Man who cost his team a pennant due to his gambling problems calls Jhonny Peralta “selfish”

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Denny McLain is the best. Yes he won 31 games in 1968 and back-to-back Cy Youngs in ’68 and ’69, but according to a 1970 Sports Illustrated story he also cost the Tigers a pennant in 1967 when, in late September, he suffered broken toes at the hands of bookies to whom he owed $46,000. He was slated to pitch on the final day of the season, pitched ineffectively and the Tigers missed their shot at the Red Sox in a one-game playoff for the ’67 pennant.

That was a tough break for Denny. And maybe his side of that story puts his broken toes in a totally different context. But I do know this much: when you have had that story floating around you unchallenged for 40 years, you are not in the position to be calling out someone for letting their team down during the home stretch. Almost anyone else can, but not you.

But hey, Denny is nothing if not shameless. Here he is talking to the Free Press about Jhonny Peralta:

“I would love to see him hang in there for the ballclub’s sake,” McLain said in a telephone interview with the Free Press. “He is more concerned with next year, starting clean, rather than helping the club this year. Everything’s about him. It’s not about the team. It’s not about the playoffs. It’s not about the World Series. It’s pure selfishness.”

I’ll give McLain credit for later saying that Peralta might be a good kid who took a wrong turn — McLain knows an awful lot about that — but man, I can’t think of anyone in less of a position to call out Peralta for not putting his team first.

 

Report: Braves extend Kurt Suzuki

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Kurt Suzuki will wear a Braves’ uniform through the 2018 season after signing a one-year, $3.5 million extension with the club on Saturday, per The Athletic’s Ken Rosenthal. Rosenthal adds that the two had been in talks for weeks and Suzuki made it clear that he wanted to remain in Atlanta for the foreseeable future. The team has yet to announce the extension.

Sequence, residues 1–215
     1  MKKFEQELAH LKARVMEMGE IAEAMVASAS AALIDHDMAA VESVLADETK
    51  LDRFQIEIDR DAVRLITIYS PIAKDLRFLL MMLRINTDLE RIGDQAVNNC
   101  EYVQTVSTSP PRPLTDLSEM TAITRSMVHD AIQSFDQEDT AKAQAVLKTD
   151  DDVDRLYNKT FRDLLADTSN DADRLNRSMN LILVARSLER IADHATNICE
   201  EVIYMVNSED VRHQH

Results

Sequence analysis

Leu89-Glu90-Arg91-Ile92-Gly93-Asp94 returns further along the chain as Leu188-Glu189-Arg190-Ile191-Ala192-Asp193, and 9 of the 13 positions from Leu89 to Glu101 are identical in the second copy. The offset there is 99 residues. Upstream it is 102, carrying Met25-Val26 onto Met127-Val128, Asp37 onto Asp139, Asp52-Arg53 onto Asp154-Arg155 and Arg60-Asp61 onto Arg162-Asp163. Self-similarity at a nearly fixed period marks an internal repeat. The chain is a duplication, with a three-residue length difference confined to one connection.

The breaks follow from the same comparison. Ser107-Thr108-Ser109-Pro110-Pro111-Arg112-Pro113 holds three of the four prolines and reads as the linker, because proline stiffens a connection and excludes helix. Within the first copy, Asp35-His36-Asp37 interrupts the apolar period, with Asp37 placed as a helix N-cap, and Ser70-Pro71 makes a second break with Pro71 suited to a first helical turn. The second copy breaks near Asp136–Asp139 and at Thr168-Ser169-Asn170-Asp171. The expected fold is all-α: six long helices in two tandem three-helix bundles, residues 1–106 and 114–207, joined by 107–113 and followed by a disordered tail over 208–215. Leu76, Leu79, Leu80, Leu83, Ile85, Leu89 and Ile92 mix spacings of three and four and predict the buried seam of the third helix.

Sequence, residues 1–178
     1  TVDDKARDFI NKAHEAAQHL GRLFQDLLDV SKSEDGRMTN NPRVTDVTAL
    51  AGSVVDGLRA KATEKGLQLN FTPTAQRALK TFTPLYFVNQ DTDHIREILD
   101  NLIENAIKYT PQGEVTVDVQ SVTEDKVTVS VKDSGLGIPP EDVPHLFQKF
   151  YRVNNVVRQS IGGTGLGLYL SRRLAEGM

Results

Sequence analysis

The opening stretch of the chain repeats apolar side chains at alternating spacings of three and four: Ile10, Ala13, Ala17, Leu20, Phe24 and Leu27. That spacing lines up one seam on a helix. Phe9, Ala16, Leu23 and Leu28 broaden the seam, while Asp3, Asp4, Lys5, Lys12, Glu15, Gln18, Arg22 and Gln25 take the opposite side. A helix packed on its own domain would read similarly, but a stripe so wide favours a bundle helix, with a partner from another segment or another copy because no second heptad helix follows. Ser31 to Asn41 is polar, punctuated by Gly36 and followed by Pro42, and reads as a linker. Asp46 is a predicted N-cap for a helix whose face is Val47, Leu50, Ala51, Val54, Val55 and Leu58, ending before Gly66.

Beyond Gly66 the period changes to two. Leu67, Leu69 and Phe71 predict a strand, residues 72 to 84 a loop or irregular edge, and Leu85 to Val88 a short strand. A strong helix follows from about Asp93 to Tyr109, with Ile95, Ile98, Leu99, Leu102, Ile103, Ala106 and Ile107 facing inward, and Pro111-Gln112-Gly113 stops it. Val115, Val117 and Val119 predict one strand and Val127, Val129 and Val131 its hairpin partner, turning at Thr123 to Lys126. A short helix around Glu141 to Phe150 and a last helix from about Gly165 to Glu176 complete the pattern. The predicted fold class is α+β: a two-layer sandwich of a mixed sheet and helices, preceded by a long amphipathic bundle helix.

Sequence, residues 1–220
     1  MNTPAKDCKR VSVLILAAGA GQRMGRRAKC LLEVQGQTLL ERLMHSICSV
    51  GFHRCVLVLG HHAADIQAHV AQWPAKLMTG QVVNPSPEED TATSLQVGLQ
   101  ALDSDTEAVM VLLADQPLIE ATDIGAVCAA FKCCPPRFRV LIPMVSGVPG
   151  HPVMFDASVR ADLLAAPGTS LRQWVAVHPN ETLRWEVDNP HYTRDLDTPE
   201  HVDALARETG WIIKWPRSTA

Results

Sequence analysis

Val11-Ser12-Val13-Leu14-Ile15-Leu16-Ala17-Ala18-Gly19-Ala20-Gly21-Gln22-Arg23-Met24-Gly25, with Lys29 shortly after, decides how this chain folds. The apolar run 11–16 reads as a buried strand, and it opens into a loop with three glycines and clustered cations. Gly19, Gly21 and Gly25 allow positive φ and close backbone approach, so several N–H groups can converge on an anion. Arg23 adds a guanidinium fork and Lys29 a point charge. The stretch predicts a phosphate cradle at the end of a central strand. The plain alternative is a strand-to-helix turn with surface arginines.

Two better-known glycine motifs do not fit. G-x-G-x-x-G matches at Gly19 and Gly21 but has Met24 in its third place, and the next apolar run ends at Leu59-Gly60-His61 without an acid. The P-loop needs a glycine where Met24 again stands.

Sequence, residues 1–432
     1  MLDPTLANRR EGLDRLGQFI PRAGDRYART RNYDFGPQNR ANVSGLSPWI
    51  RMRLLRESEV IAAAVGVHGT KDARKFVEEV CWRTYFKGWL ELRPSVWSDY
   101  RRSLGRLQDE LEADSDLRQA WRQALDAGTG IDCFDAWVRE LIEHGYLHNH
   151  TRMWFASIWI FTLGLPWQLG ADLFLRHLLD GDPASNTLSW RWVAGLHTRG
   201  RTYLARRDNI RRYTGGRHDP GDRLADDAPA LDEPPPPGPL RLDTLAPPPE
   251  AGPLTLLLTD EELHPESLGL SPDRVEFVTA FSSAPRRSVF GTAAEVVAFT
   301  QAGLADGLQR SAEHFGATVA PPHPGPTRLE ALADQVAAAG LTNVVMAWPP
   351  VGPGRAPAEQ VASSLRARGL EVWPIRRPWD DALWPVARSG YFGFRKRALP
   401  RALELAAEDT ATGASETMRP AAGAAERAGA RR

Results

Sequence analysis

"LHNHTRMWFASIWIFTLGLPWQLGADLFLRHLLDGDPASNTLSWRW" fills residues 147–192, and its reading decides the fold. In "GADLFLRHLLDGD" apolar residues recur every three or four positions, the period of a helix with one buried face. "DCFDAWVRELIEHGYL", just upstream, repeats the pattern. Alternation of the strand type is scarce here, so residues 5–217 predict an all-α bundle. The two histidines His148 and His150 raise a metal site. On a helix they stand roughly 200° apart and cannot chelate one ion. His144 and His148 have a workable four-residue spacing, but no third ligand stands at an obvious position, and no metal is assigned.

Suzuki, 33, initially signed a one-year contract with the Braves back in January. The veteran backstop stepped into a backup role behind starting catcher Tyler Flowers, but still found a way to impress at the plate with a .271/.343/.525 batting line, career-best 18 home runs and an .868 OPS through 287 PA. According to FanGraphs, Suzuki’s 2.2 fWAR makes 2017 his most valuable season since his run with the 2009 Athletics.

It’s a prudent move for the Braves, who would have lost one of their most dynamic second-half hitters to the free agent market this offseason. Entering Saturday, Suzuki is second only to Freddie Freeman with 11 homers and 1.4 fWAR since the All-Star break. His stunning comeback also confirmed the team’s decision to look outside the organization for a backup catcher, rather than turning to fellow veteran Anthony Recker behind the plate.

“On a personal level, this season exceeded my expectations,” Suzuki told reporters on Wednesday. “It’s just one of those things I can’t explain. I put a lot of work in and really didn’t have a job until late January. I got an opportunity here and took advantage of it. It was definitely a good fit.”

Mikie Mahtook is likely done for the season

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Tigers’ outfielder Mikie Mahtook is unlikely to play again this season, club manager Brad Ausmus announced Saturday. Mahtook was diagnosed with a Grade 2 left groin strain following Friday’s series opener against the Twins, when he appeared to injure himself after chasing down Byron Buxton‘s two-RBI double in the fourth.

This is the second time Mahtook has sustained a groin injury over the past month. The 27-year-old exited Friday’s game with a .276/.330/.457 batting line, 12 home runs and a .787 OPS through 379 plate appearances with the team.

With the Tigers out of contention, there’s no reason to trot out Mahtook for the remaining eight games of the regular season. The club has yet to specify a timetable for his return, but there’s no reason to believe he won’t be in fine shape to compete for a starting role next spring.